Storm and flooding in Western Cape

Between 6-8 June, much of South Africa’s Western Cape province, including Cape Town, was hit by a powerful storm which resulted in casualties and severe disruptions. The South African Weather Service reported it as the worst winter storm in 30 years as mudslides, flash floods and gale force winds left Cape Town partially paralyzed.

Anticipated by local authorities about a week before, a storm hit much of the province of Western Cape with full force on Tuesday, 6 June and did not completely pass until Thursday afternoon 8 June. The province’s most populous city Cape Town was particularly affected as winds reached around 100 kilometres per hour and heavy rain and huge waves battered the coastal city. The storm also coincided with a period of high tides which added to the massive floods.

Simultaneously, huge wildfires triggered by lightning ravaged around Cape Town, and the hard winds caused the fatal fires to spread very fast. The fires resulted in casualties and the displacement of several thousand people. Across Cape Town roads were blocked, schools and universities shut, public transport disrupted and many areas were left without electricity.

Our in-app advice for what to do during a flood:

  • Move immediately to higher ground if there is a sign of flash flooding. Do not wait for instructions to move.
  • Be aware of stream, drainage channels, canyons and other areas prone to flash flooding.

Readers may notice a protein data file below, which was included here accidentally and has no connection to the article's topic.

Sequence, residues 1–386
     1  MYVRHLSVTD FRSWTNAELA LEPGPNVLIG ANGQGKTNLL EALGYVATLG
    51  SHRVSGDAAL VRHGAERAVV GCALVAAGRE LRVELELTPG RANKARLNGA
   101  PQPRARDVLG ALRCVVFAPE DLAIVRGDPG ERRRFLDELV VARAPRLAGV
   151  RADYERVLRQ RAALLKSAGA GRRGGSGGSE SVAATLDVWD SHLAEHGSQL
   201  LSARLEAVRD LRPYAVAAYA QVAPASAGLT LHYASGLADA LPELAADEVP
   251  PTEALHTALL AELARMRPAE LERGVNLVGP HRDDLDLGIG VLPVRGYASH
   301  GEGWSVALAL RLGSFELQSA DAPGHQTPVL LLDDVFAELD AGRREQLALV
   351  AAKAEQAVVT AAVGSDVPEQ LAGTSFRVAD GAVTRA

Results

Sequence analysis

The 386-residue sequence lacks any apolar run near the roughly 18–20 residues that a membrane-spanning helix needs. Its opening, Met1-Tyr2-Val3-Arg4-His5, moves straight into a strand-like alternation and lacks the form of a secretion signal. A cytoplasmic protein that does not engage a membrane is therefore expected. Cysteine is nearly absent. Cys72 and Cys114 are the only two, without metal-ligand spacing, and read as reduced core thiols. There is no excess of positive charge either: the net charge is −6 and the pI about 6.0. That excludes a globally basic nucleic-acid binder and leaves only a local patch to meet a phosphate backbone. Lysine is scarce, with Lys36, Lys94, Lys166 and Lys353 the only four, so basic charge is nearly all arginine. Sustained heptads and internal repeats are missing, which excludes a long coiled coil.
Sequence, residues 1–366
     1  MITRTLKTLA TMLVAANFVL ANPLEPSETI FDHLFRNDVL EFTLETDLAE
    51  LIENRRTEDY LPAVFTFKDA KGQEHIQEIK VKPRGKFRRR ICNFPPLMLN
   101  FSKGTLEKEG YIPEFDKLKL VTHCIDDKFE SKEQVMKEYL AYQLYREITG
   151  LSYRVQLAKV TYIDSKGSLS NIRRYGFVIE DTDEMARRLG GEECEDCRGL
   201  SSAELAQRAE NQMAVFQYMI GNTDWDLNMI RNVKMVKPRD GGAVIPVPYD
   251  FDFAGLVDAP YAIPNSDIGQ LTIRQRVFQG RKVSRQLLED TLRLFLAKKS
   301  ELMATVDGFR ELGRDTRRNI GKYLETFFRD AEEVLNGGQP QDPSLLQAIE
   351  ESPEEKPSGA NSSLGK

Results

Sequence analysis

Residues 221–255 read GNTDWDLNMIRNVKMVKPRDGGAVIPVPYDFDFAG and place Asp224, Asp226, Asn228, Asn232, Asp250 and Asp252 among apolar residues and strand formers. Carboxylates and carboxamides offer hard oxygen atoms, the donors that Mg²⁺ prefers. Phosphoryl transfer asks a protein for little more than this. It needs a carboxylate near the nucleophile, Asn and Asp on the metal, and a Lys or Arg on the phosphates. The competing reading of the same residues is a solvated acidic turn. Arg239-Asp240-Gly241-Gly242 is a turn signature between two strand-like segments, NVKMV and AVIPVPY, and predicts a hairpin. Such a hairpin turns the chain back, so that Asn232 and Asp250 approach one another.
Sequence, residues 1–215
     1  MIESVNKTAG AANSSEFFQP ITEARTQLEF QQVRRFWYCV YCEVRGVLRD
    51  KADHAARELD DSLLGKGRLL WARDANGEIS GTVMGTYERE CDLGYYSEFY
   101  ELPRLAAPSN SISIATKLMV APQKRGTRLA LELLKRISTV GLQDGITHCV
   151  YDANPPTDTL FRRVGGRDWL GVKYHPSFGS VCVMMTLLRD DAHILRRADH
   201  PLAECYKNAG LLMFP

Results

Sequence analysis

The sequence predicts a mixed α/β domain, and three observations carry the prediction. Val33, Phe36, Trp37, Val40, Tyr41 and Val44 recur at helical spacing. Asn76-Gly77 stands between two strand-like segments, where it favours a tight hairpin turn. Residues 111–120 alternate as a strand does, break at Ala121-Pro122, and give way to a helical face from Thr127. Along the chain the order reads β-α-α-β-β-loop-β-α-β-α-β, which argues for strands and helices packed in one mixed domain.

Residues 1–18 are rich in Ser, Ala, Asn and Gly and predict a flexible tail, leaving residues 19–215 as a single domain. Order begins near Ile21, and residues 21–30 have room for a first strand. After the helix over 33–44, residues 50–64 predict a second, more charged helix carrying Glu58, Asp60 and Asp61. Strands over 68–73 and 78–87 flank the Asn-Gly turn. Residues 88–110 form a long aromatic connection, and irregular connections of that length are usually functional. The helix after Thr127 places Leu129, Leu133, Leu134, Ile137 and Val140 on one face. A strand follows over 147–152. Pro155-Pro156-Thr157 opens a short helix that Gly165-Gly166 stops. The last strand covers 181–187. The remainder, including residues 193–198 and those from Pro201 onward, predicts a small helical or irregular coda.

• Do not walk through moving water. Use a stick to check the firmness of the ground in front of you.
  • Do not drive into flooded areas.

“The mother of all storms”, as it was named by local media, passed on Thursday 8 June leaving Cape Town and other parts of Western Cape in partly disastrous conditions as the poor state of housing of many residents left thousands homeless.

Safeture published several alerts of the storm. Users were forewarned on Monday 5 June of the anticipated adverse weather condition. Further on alerts were published on Tuesday 6 June and Wednesday 7 June warning travellers of disruptions due to mudslides, flash floods, gale force winds, as well as the wildfires around Western Cape. On Thursday 8 June, an update was sent to users informing of the closure of schools, traffic disruptions and large electricity cuts caused by the storm. A warning was also included regarding authorities’ recommendation of avoiding beaches and staying indoors until the storm had passed.

 

 

Alexander Edberg Thorén
GWS Analyst
Security risk analyst based in Lund

 

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2017-06-28T07:53:00+00:00